After taking a child development class at Bank Street College of Education in New York, a graduate school for aspiring teachers, Peter knew he wanted to teach. He went on to graduate with a Master's degree in Elementary Education. He's taught kindergarten through fourth grades and now teaches third grade at a private school in New York.

"After I started, I felt a difference in my life. I enjoy getting up each day and going in to work in a way I never felt before." Kiok said. "That's good because teaching requires a lot of energy. With lesson planning, after-class meetings, grading assignments and speaking with parents, it feels like more than a 40-hour-a-week job." Kiok also warns former cubicle owners not to expect time for personal emails or phone calls. "You're much too busy being "on" for the students, to have time for yourself."

"A big benefit people don't often consider," he added, "is the opportunity to spend time living abroad. There are several placement programs for international teaching assignments," noted Kiok who taught in Rome, for four years. "Once you are hired, the school will often help you obtain the necessary visa and work papers and sometimes even help with things such as finding an apartment in your new country."

How Do I Get There from Here?

Well-trained teachers are what it takes to create well-educated students. Today's teachers are being held to increasing levels of accountability for their students' progress. This means that, in perhaps unlike any other field, the education you pursue will be critical to your success.

The traditional route to becoming a public school teacher involves completing a bachelor's degree, finishing an approved teacher education program and then obtaining a license. Each state and the District of Columbia has its own licensing requirements for public school teachers. While private school teachers do not always have to be licensed, increasingly, applicants for private school jobs have one or more graduate degrees as well as a bachelor's degree.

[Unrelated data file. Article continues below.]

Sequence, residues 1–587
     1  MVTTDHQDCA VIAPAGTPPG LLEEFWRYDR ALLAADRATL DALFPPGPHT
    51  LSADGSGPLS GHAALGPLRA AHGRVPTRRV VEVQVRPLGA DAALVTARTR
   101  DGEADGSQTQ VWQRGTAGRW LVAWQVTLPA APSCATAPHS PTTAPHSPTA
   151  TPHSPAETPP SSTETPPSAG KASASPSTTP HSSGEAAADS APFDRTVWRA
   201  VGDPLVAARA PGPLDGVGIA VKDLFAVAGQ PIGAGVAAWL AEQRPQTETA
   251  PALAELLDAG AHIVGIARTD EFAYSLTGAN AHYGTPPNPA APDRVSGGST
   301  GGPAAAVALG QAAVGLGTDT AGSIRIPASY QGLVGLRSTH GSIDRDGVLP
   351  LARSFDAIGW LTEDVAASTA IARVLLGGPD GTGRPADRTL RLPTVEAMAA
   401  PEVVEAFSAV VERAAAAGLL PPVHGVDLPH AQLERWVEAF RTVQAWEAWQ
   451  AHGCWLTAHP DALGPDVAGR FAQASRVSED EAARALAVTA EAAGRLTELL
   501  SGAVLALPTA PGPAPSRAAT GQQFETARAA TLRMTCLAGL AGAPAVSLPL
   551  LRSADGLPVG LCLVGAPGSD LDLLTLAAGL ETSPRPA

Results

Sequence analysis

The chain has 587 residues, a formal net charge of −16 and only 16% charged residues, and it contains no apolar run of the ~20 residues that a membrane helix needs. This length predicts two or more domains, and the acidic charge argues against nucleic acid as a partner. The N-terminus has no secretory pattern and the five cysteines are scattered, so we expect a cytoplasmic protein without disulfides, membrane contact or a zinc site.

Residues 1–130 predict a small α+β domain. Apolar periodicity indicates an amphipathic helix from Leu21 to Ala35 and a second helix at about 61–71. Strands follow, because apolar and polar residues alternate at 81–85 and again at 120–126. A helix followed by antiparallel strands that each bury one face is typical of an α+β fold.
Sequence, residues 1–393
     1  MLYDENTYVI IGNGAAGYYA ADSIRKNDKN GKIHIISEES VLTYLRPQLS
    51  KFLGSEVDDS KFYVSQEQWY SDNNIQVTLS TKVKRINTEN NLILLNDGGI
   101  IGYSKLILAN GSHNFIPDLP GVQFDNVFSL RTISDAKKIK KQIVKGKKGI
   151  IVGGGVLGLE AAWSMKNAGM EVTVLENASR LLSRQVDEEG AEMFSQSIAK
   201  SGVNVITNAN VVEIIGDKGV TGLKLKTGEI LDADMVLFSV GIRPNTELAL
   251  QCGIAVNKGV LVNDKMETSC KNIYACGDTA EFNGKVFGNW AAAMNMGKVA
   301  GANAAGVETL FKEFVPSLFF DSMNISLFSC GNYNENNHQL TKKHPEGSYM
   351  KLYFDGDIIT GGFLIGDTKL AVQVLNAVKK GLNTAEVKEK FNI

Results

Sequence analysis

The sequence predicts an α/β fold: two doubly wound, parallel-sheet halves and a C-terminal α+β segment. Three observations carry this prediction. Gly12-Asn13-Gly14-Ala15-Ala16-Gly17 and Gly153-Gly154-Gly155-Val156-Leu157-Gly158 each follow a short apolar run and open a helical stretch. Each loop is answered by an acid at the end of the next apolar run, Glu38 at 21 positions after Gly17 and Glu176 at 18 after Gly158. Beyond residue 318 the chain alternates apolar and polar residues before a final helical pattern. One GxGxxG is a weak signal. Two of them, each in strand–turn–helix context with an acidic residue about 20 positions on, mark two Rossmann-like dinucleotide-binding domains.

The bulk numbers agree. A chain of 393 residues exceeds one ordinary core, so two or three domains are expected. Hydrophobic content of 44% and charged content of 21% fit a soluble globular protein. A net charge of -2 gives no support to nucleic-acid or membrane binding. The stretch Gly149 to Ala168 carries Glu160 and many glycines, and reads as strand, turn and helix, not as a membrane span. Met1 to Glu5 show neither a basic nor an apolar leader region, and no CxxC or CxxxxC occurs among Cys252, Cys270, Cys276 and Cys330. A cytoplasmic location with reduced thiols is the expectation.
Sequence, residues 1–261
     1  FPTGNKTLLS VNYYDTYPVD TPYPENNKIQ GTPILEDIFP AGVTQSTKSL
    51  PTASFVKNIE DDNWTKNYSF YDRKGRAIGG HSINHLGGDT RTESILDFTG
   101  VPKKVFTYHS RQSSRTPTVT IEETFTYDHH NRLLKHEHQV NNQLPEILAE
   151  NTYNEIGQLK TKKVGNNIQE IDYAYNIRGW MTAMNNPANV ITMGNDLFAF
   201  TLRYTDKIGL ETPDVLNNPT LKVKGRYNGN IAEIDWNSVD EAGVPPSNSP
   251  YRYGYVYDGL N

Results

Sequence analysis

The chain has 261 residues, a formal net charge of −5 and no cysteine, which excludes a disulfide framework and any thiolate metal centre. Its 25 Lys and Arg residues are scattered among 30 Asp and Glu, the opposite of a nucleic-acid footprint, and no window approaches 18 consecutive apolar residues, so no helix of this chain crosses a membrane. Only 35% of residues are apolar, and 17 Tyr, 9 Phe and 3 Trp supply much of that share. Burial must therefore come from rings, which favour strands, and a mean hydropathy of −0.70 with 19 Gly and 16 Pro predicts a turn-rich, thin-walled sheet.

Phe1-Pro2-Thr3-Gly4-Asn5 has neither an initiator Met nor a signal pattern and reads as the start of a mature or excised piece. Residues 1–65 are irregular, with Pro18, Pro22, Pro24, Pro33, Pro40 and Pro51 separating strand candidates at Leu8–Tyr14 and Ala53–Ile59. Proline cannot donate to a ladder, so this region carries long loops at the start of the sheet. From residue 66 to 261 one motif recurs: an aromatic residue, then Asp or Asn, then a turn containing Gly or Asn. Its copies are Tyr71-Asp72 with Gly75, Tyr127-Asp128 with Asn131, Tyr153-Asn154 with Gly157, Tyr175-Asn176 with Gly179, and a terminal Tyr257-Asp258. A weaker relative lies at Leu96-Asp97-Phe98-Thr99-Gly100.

Many career changers may want to consider the large number of alternatives to traditional university programs. A variety of online degrees are now available and may be of interest to mature students whose lives may be more structured and may also have the discipline needed to complete coursework. Evening and part-time programs are also available at many traditional universities offering teaching degrees.

Many states offer alternative licensing programs to attract people into teaching, especially for hard-to-fill positions. Some school districts are offering bonuses to attract teachers.

Making Up Your Mind

Before you seek your credentials, it's important to be sure you know that you can make it as a teacher. Dr. Robert J. Kizlik, whose long career in education includes being a classroom teacher, curriculum writer and university acting dean, reports that "around forty percent of new teachers leave teaching within the first five years. It is obviously not what they thought it would be. One thing for sure, it's about more than loving kids."

How will you know if you can handle this very demanding, yet rewarding career? Consider the following tips from the Teacher Center

  • Do your homework.

    Talk to existing teachers. Read widely. Use the Web and learn about online forums for career changers.

    Those who can teach computer and other vocational skills are increasingly in demand in our in our high-tech world. As the population ages, the need for health education teachers increases as they will help launch the careers of the nation's future health care work force.

  • Get into the classroom.

    Consider substitute teaching or "shadow" an experienced teacher. By observing a teacher and their students over a period you'll learn much more than you could from isolated experiences as a substitute teacher.

  • Get educated about your job prospects in teaching.